A second panelist, Robert Johnston, global energy and natural resources director at the Eurasia Group, said the US is limited in the extent to which it can use LNG exports as a foreign policy tool because gas globally has moved from scarcity to abundance. “Europe has a great opportunity to diversify its supplies from Qatar, which is a reliable supplier,” he said, adding the US is likelier to export gas by pipeline to Mexico and as LNG to Caribbean nations.

“In recent negotiations with China, Qatar seemed willing to go as low as necessary,” said the panel’s third member, Francis O’Sullivan, executive director of the Energy Sustainability Challenge within MIT’s Energy Initiative.

“Qatar has been active,” noted Susan L. Saknar, the Andrews Kirth Energy Law Scholar at the University of Houston Law Center. “I don’t know offhand how much extra capacity it has. It has had a moratorium on new LNG projects for years while it has diverted gas for domestic use and gas-to-liquids. I don’t know how much it has to offer, but it could adjust its pricing. Right now, Japan could get all of its gas from Qatar. Certainly, it would be the biggest competitor.”

Saknar told OGJ on Aug. 19, “Price and timing are always the big issues. I think a lot of players are looking at the US as another reliable supplier. I think more gas will leave the US than many people think or would like to believe because of this. Purchasers don’t always have to pay the gas, but would pay a capacity fee. I think a lot of off-takers would sign up just to have another reliable supplier.”

Additional variables

More US LNG exports potentially could have a wide range of other consequences, market observers say. Sales to Caribbean nations that now use diesel fuel to generate electricity could erode an important part of Venezuela’s crude oil and product exports. Mexico imports 2-3 bcfd by pipeline from the US already but still has to supplement it with LNG purchases at $17-18/MMbtu—the premium prices Japan and South Korea pay—which could stimulate construction of a more domestic gas pipeline network for less expensive gas from the US.

Johnston said Canada’s National Energy Board, like DOE in the US, is primarily an enabler working with Alberta, British Columbia, and other producing provinces to expand LNG exports as part of a broader economic growth strategy. It’s trying to approve export projects expeditiously to send a positive signal to global markets, but “commercial agreements are needed,” he said, adding, “Otherwise, Canada runs the risk of falling behind the US.”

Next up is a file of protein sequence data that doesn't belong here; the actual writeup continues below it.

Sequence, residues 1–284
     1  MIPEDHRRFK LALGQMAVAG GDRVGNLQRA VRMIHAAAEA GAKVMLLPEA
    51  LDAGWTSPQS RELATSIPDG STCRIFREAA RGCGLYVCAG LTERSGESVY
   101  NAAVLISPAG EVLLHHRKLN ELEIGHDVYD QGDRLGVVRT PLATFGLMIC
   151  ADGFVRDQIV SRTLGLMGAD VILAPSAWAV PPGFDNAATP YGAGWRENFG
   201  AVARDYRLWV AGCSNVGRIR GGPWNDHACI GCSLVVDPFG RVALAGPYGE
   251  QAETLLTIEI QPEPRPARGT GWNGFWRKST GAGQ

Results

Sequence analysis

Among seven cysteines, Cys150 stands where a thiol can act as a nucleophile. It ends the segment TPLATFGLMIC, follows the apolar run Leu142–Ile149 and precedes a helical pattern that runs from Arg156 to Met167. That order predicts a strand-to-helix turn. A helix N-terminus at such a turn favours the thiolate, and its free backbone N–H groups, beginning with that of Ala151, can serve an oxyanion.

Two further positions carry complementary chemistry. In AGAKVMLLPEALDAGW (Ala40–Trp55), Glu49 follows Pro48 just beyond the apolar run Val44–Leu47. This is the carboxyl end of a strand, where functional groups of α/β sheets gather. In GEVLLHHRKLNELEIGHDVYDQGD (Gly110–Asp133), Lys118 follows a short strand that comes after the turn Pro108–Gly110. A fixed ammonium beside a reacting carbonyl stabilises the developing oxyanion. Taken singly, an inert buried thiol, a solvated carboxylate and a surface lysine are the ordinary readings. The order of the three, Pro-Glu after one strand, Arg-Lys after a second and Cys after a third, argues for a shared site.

Sluggish national economies also could limit development of other potential gas resources worldwide. “Eastern Mediterranean gas is on the back burner principally because its biggest customer is Europe, which is pretty much a basket case,” said Medlock. “Greece, Italy, and Spain have the biggest demand growth, and you all know the problems they’re having.”

That could give countries that are major producers already time to rebuild their internal operations while pursuing major new customers. “If Iran and Venezuela changed how they handle their markets, it would have a major impact because their resource bases are so great,” Medlock observed. “Iran, for example, would become India’s logical LNG supplier if it could resolve its trade embargo problems.”

US gas producers also have an eye on China, India, and other countries that have blossomed economically but don’t have free trade agreements with the US that would expedite LNG exports. Thorning thinks the distinction is artificial, “a political distinction that’s not very valuable.” He said, “In this case, it’s holding up all the investment in the US—literally billions of dollars—that we could be making. Every billion dollars invested represents 23,200 jobs, according to the [US Department of Commerce’s] Bureau of Economic Analysis. It would be a huge economic boost to our lagging job growth.”

Saknar concluded, “The challenge for US policymakers is that we have a distinction that no longer makes sense. The law was written 20 years ago when it was inconceivable we’d ever be an LNG exporter. The law was written about the time we entered into the North American Free Trade Agreement and the US wanted to be able to import gas from Canada and Mexico. I think Congress needs to step in. DOE is working with a law that doesn’t make sense, but it’s doing the best it can and doing a pretty good job. Over time, the law might be eroded and gradually ignored.”